Mount Sinai’s Icahn School of Medicine has strong biomedical, clinical research and health policy expertise, while Stony Brook University boasts programs with advanced mathematics, high-performance computing, and physical and chemical science departments.

Combining math and science programs together will help students become well rounded, and open up the possibility for new programs.

A press release said Stony Brook students will also be able to gain experience in areas of medicine that the university doesn’t currently offer, like observing and learning from heart transplants and other pilot programs. And students from either institution are now welcome to take classes at the other.

But this liaison is going beyond students.

Kaushansky said this partnership will improve patient care at both Stony Brook University Hospital and Mount Sinai Hospital by allowing patients to easily seek services from either hospital.

This is a great endeavor that should be encouraged and supported by the community. Not only does this teaming help students get a more in-depth education and give professors more opportunities for expanded lessons, it will in turn help the residents of the North Shore by improving the care that the local hospital can offer through the new discoveries and breakthroughs the new partnership will make.

Leon Klempner poses with Dunia Sibomana in front of the Christmas tree. Photo from Amy Epstein

The last two years have been rough for Dunia Sibomana, but now that he has been brought to the United States for reconstructive surgery, everything could change.

Since the 8-year-old was disfigured in a chimpanzee attack — the same one that killed his younger brother — he had stopped going to school because the other children in his native Congo ridiculed him. And being extremely poor, he came to America weighing only 40-something pounds, although the typical weight for a boy his age is almost double that, according to the Centers for Disease Control and Prevention.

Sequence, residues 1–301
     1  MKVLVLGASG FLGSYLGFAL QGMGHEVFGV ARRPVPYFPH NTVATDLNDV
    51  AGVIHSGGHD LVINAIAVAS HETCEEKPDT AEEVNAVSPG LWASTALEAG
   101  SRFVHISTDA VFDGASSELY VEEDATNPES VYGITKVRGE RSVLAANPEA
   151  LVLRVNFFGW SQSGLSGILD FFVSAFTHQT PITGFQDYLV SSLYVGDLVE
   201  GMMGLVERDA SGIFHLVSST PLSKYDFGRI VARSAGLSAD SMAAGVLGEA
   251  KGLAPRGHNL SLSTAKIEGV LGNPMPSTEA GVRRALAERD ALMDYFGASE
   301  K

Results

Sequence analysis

Above, Dunia Sibomana and park ranger Andre Bauma both give a thumbs-up for school. Photo from Amy Epstein
Above, Dunia Sibomana and park ranger Andre Bauma both give a thumbs-up for school. Photo from Amy Epstein

Despite all he has gone through, volunteers from the Smile Rescue Fund for Kids said Dunia is still a sweet kid.

That group, founded by Poquott resident Dr. Leon Klempner, who until recently was an orthodontist based in Port Jefferson, is hosting Dunia on Long Island and will care for him through a series of surgeries to reconstruct his lips and cheek.

Klempner started his nonprofit organization a few years ago to care for kids with severe facial deformities who are often ignored by similar groups that repair simpler issues like cleft lips.

Dunia lost both his lips and has scarring on his cheeks after the chimpanzee attack two years ago on the outskirts of Virunga National Park in the Democratic Republic of the Congo, near that country’s border with Uganda and Rwanda. While his father was working in the fields, he was playing with his friends and his 4-year-old brother, Klempner said. The chimps “killed and completely dismembered” the brother, but a ranger fortunately found Dunia and rushed him to the hospital.

“He refused to go to school after the injury because the kids were just ridiculing him too much,” the Poquott man said. “He lost most of his friends.”

Dunia Sibomana hugs Eian Crean while playing with Collin Crean. Photo from Amy Epstein
Dunia Sibomana hugs Eian Crean while playing with Collin Crean. Photo from Amy Epstein

Smile Rescue Fund stepped in, bringing Dunia and that park ranger, Andre Bauma, stateside. Bauma was acting as a translator for Dunia, who only speaks Swahili, and helping him get settled with his Hauppauge host family, the Creans, but had to return to Congo last week.

Jennifer Crean said Dunia is getting along well with her three children, ages 10, 12 and 15.

“They have fun with him and he loves them,” she said. “So far so good.”

The family has taught him how to swing at the Hoyt Farm playground in Commack and taken him horseback riding, Crean said. Dunia has also played on an iPad, learned about Santa Claus and gone bowling.

“Everything for him is like brand new. It’s pretty cool.”

After the holidays, when things have slowed down, Crean said, the plan is to take him into New York City to see the big Christmas tree at Rockefeller Center.